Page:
[091] Core Loss Modeling - Part III Sinewave Versus Triangle Wave Losses

Calculating the difference between sinewave and triangle wave excitation shows that sinewave measurements are sufficient for loss calculations.


The first two parts of this article showed how the core losses for real waveforms could be modeled better. In the first part, a continuous expression was used to model a wide range of excitations. In the second part, the effect of duty cycle on the loss of the core material was included in a single equation. In this third and final part, we return to the discussion of the sinewave versus the triangle wave excitation to analyze the difference between the two for a given material. 


Adaptive Steinmetz Equation

Part I of this article [6] showed how a single adaptive equation could be used for predicting the core losses of a ferrite material. Figure 1 shows the specific equation for the Magnetics “R” material. The equation adapts itself to the changing slope of the curves with frequency, providing a continuous equation for all frequencies.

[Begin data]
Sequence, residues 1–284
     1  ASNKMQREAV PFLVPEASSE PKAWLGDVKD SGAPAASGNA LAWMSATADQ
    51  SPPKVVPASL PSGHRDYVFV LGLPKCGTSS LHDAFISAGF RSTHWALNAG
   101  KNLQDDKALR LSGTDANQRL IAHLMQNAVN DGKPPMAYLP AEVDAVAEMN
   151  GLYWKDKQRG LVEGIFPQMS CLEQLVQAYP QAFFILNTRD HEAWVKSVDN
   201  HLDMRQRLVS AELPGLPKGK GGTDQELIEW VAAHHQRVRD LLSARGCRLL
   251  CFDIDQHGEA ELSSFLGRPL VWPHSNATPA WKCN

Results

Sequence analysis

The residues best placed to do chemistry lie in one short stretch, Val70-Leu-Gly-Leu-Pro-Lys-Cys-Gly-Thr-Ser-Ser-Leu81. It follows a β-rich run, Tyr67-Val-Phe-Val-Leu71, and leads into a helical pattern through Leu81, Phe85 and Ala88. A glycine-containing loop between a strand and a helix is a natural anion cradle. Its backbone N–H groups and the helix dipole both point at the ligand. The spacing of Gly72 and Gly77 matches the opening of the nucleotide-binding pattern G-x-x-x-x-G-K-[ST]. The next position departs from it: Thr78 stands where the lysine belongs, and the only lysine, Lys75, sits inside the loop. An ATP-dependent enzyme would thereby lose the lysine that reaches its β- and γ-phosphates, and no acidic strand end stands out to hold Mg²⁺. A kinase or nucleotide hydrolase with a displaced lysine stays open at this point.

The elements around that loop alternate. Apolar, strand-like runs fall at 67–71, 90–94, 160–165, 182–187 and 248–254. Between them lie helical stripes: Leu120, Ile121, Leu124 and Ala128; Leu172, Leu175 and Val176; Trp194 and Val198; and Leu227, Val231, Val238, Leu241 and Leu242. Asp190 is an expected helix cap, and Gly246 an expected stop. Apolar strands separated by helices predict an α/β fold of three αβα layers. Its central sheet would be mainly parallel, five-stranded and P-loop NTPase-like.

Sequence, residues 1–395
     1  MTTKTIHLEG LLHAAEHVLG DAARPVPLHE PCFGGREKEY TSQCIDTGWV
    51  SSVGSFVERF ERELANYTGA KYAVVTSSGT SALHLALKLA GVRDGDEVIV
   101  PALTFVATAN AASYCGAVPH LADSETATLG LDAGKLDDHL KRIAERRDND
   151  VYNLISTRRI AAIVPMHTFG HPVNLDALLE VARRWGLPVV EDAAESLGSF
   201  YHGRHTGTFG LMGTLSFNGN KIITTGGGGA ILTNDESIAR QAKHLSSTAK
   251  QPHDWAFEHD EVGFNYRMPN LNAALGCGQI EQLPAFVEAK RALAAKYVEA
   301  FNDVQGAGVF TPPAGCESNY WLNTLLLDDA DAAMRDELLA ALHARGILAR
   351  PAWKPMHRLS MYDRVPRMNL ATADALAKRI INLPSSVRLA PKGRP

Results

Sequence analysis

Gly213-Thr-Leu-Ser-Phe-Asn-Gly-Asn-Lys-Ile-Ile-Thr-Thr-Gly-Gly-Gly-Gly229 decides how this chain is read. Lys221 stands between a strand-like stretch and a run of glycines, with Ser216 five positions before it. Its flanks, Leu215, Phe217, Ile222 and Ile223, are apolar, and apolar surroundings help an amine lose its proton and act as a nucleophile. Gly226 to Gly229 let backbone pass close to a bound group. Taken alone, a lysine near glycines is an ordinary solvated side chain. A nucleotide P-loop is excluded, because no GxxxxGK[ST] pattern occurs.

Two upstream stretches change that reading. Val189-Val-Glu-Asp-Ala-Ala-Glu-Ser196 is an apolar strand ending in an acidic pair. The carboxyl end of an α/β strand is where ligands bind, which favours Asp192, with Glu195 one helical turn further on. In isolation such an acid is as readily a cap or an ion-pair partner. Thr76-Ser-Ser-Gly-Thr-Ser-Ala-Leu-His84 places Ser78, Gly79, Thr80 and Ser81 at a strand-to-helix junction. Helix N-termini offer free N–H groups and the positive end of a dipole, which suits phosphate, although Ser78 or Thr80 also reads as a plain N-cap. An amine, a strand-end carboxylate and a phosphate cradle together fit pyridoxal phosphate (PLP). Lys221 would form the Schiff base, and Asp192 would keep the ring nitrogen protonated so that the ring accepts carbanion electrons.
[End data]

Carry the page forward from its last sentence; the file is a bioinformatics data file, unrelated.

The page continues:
Equation 1

Equation 1: Core Loss Equation for R Material and All Frequencies

Having a single equation is very important for extending core-loss analysis into duty-cycle effects, and for making the incorporation of core loss into design programs manageable. 


Sinusoidal Core Excitation

All core loss curves are measured using sinusoidal excitation. However, in squarewave converters, the excitation of the core is not sinusoidal at all. A 50% square wave voltage drive results in a triangular current waveform in the inductor, and a triangular waveform for the core excitation. Figure 1 compares a sinusoidal excitation with a triangle wave excitation. Notice that both waveforms of Figure 2 have the same peak value, or the same peak flux excitation. 

As mentioned in part II of this series, Mr. Rudy Severns demonstrated many years ago that the difference in loss is small between a sinusoidal excitation and a 50% triangle wave. The waveforms of Figure 1 give an indication of why this happens. For part of the waveform, the sinusoidal curve has a lesser slope than the triangular, and for other parts, the slope is greater. 

In this article, we will go ahead and confirm numerically the difference for the Magnetics R material.  

 Figure 1

Figure 1: Sinusoidal and 50% Duty Cycle Triangular Waveforms

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